men, and nearly all perished; the boatswain's yeomen with some other men, had got drunk in the boatswain's store-room, and set fire to the ship." "The Ajax, 74 guns, was burnt at the mouth of the Dardanelles, in 1806, by the drunkenness, of the purser's steward; there were 350 people drowned." Here we see, as in all other instances, madness, presumption, misery, destruction, and death, the constant attendants of alcoholic drinks.
The cases we have mentioned are not solitary; every ocean, sea and river, every port and harbor, every shipowner and merchant, whose trade is in the mighty waters, can tell long and mournful tales of ruin and death, which can be traced solely and entirely to these devastating and destructive drinks. The bottom of the sea has been rendered a dark and gloomy charnel house, in which the dust of myriads of our countrymen is reposing, and awaiting the summons of the archangel's trumpet, and in that awful day, when the sea shall give up its dead, how many, alas! shall we see arise from their watery grave, who, though unprepared for another world, hurried themselves into the presence of their Judge, in consequence of the corrupting influence of inebriating liquor! Christian, shall this scourge destroy forever? Patriots, shall a spirit more tremendous than the billows or the tempests, be commissioned by you to overwhelm and devour the costliest treasure, and the bravest hearts of your country? Total abstinence would clear the seas of this worse than piratical curse; but, if reckless of the consequences, you still continue to harbor and commend this bane, you cannot remain guiltless of the dire results that must follow.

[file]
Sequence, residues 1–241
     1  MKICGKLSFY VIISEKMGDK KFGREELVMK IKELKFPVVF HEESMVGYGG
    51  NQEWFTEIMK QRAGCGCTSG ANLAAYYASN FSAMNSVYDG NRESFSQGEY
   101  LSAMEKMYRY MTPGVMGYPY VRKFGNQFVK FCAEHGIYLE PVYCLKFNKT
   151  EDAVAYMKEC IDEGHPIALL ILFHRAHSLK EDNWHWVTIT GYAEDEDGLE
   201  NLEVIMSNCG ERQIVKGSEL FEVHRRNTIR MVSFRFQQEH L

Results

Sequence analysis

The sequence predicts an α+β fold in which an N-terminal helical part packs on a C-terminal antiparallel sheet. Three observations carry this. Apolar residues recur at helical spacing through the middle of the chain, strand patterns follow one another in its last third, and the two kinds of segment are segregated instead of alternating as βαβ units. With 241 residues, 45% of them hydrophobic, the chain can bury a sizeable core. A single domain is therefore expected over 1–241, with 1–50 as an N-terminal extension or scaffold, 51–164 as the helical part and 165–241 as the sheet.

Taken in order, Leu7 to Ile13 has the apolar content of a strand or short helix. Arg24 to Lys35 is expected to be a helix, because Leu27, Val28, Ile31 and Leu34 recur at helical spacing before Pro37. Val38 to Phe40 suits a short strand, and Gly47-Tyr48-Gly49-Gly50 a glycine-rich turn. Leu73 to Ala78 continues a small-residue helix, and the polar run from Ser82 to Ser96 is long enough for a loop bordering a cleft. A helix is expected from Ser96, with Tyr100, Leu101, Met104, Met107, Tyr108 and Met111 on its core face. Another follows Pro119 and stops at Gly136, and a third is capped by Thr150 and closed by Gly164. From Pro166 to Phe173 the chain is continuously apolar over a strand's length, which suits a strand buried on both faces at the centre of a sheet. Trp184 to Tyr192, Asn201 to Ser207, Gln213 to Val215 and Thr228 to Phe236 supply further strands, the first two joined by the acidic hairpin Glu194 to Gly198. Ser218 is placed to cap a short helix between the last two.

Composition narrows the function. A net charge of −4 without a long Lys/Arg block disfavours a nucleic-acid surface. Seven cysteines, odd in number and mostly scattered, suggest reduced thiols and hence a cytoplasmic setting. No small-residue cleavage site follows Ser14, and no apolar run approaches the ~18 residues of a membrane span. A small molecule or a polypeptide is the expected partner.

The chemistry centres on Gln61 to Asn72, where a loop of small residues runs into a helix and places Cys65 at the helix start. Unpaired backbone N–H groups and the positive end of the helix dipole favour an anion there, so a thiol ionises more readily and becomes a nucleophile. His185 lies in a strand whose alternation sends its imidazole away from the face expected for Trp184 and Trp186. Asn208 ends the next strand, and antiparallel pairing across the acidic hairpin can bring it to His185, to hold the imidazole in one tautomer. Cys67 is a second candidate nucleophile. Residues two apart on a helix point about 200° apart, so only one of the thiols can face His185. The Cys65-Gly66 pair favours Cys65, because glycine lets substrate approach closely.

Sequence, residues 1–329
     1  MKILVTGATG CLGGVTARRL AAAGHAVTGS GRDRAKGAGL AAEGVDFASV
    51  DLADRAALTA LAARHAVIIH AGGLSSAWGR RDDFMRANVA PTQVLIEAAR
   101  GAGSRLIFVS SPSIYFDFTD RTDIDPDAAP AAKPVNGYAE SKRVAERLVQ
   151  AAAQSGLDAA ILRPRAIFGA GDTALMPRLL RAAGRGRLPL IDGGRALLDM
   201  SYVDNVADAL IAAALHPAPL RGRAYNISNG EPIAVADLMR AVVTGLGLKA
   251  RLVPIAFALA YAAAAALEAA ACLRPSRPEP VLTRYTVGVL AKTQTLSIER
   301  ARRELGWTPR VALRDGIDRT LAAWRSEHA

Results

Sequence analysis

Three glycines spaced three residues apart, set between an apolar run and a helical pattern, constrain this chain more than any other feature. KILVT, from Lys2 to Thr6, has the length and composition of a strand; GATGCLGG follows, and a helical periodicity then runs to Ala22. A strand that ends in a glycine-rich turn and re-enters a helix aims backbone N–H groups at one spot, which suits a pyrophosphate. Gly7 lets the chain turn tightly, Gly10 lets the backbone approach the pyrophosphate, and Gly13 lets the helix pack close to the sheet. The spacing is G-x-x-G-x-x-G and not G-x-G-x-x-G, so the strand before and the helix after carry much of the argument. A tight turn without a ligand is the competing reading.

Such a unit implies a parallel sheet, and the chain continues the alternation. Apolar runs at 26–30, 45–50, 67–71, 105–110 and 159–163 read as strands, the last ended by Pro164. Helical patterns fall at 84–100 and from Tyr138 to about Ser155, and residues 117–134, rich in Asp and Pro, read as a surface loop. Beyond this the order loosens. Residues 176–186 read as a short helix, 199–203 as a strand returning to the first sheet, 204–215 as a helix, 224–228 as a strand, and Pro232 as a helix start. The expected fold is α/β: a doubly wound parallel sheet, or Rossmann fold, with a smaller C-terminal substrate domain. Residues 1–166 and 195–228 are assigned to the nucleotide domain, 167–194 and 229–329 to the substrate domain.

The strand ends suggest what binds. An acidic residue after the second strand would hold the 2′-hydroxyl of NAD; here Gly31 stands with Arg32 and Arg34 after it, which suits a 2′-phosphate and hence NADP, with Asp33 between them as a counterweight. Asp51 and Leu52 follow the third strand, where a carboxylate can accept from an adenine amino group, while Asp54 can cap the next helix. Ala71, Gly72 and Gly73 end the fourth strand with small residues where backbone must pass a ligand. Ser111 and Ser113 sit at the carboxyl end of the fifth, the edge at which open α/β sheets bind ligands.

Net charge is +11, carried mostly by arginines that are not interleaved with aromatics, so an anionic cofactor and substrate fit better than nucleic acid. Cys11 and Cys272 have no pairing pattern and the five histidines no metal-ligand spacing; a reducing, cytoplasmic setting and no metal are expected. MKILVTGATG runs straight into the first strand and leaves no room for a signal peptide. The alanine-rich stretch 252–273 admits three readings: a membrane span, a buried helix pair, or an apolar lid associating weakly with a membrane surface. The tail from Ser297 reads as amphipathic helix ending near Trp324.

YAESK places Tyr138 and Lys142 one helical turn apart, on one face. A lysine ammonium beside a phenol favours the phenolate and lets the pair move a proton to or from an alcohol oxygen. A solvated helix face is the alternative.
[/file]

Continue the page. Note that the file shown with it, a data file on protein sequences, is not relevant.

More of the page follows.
It would be difficult to calculate the numbers that, in a state of drunkenness have, on board their various ships, been launched into eternity; nor can we estimate the wealth that reckless intoxication has wantonly thrown into the depths of the sea. The most experienced brokers, and others connected with the naval and mercantile affairs, gave it as their opinion, that "ninetenths" of all the losses at sea, have been occasioned by the use and abuse of intoxicating liquors. Aware of this fact, not less than one thousand ships now sail from America, without any spirits or strong drinks on board; our merchants are so well convinced of the comparative safety of these ships, that in Liver